We have seen necessary but extremely uncomfortable growing pains as politicians, the media, the academics and the public learn what they forgot in Social Studies in grade 10: the operation of the House, the Senate, the cabinet, the role of the governor-general, the difference between adjournment and dissolution and proroguement, and previously arcane committee procedure.
We have also seen this year another example of blatant manipulation of the Senate to affect House legislation, the first time since the Canada-US Free Trade Agreement in the 1980s, which while constitutionally valid has a political price to pay. Mulroney added senators to keep the Liberal-dominated Senate from killing the FTA. This year, Harper used his appointed majority in the Senate to kill the opposition climate bill. Mulroney’s government lost 167/169 seats in the 1993 election. A similar political judgement potentially awaits Stephen Harper.
We have also witnessed a new event in the world’s history of parliamentary governments: the firing of a government as the majority of the House found the government to be in contempt of parliament.
This is not a minority government aberration of the 1960s or 1979. This is Canada in the 21st century when the compelling, credible and legitimate power of the dozens of Bloc Quebecois MPs prevents any party from forming a majority government without a practically inconceivable sweep of English Canada.
This is a Canada that is more than a century older than when the first-past-the-post system, a relic of the 19th century, was a useful electoral system in a land of two national parties. Canada allows more than white men to vote now. It is a pluralistic society which demands a more representative electoral system. But we don’t have it yet. Instead we are left with the crumbling decay of majority parliamentary rule on our way to the broad realization that electoral reform is the only common sense solution now.
Canada exists in 2011 within a global context of democratic revolutions in Africa and the Middle East, anti-neoliberal protests in North America and Europe, spontaneous vote mobs, spontaneous movements against prorogation, fierce and stimulating debate about strategic voting as a valid tactic in an illegitimate electoral system, and the stunning awareness that if we let our voter turnout sink below our historic low from last time, then we will somehow be insulting the Africans murdered by their despots as they seek the end to their tyranny.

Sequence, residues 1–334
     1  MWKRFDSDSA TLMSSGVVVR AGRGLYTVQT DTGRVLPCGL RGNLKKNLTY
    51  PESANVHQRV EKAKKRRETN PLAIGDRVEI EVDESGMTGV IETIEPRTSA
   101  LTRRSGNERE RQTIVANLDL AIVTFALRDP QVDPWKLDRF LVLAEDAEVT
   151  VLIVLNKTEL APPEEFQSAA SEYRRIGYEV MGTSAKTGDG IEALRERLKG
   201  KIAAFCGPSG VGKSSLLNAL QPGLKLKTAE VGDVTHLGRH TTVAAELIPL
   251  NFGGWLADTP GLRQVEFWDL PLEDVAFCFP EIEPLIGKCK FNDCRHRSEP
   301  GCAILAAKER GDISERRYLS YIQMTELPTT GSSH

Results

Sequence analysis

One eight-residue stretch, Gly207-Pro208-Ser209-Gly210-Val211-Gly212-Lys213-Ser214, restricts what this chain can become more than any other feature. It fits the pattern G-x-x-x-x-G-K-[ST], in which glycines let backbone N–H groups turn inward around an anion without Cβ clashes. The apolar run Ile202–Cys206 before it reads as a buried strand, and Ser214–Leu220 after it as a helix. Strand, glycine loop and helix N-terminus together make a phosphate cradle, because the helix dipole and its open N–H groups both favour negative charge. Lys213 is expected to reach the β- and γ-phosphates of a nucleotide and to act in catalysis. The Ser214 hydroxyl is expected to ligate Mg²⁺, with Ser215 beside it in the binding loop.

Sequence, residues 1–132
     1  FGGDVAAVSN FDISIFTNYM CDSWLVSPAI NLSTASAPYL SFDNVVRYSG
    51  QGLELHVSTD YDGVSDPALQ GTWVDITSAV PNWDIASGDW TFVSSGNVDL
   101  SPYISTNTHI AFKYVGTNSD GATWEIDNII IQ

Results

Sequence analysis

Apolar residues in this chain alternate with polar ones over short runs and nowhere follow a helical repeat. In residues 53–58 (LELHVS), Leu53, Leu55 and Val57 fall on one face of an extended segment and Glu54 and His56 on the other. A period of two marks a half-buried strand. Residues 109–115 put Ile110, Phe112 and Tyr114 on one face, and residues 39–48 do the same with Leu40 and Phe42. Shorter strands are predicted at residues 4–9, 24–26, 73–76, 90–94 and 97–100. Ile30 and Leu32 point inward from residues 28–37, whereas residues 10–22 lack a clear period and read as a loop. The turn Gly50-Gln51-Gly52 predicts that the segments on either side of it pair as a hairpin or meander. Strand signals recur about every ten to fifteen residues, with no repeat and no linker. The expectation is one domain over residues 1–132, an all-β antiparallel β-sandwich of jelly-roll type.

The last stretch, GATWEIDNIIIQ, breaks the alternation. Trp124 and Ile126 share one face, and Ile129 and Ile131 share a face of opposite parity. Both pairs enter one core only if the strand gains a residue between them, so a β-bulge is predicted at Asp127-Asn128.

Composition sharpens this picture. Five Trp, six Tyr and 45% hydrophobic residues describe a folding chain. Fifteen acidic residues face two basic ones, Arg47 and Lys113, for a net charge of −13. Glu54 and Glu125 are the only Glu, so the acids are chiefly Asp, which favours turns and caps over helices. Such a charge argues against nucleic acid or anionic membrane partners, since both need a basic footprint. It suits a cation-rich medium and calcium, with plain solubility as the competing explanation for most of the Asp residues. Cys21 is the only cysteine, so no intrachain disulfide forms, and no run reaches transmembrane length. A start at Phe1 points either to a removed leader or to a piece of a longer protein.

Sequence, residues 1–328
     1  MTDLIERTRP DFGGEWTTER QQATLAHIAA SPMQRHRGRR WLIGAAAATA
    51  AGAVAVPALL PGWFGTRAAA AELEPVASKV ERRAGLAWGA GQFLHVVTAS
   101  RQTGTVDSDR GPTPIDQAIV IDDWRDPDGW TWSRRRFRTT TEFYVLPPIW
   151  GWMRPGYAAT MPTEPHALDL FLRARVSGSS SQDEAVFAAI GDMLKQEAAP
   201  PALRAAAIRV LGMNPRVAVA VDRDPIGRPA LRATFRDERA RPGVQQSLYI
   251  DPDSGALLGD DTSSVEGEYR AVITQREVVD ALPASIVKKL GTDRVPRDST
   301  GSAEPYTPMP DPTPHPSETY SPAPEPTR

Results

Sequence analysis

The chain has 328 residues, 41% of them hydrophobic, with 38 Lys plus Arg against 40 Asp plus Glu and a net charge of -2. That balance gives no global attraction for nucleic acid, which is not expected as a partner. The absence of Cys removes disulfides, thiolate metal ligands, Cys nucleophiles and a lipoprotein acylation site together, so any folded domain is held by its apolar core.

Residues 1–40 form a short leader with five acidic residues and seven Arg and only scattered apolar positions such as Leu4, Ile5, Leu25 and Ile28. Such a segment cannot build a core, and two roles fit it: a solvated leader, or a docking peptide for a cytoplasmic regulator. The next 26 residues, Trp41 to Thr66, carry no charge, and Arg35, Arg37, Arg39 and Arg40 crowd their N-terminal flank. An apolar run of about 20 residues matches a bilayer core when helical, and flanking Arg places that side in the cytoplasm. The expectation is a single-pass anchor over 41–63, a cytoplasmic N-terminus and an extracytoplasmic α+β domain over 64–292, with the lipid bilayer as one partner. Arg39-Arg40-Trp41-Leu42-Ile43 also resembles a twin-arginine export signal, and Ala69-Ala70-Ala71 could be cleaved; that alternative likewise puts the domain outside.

In this context, we have Jack Layton’s NDP as the only party that seems to have the clarity to navigate the post-majority parliamentary world. The NDP has tabled climate and national housing legislation, for instance, that could have been passed by the House and enacted by the government if all parties respected the credibility of the process. But the Conservatives and Liberals continue to campaign as if they can achieve a majority and that this minority thing will eventually pass.
They operate as relics of the last two centuries.
Last night at home we finished watching the West Wing again. I watched a president walking with a cane who had battled a degenerative disease while trying to maintain the integrity to rule. In Canada today, we have a national party leader fighting cancer and recovering from hip surgery. He uses a cane sometimes. We can relate to that. We can’t relate to a constantly irritated prime minister who goes to great length to express his disdain for democracy by answering no more than 5 questions each day when he’s is in a 5 week job application process.
In another Aaron Sorkin show, Sports Night, we encountered a clever creed, ostensibly Napoleon’s battle plan: First we show up, then we see what happens. Sure it’s a lark, but in the West Wing we saw Matt Santos become president by running a campaign of integrity that allowed him to retain his self-respect, but partially just by showing up and watching circumstances unfold. First the front-runner for the party nomination was caught in a sex scandal, then the Republican candidate was mired in the political fallout of a nuclear accident.
Beyond the horrifying coincidence of the Fukushima nuclear disaster across the Pacific, we have Jack Layton, an engaging party leader with policies that resonate with millions who has shown up to campaign with integrity in a 5-week election campaign where anything can happen.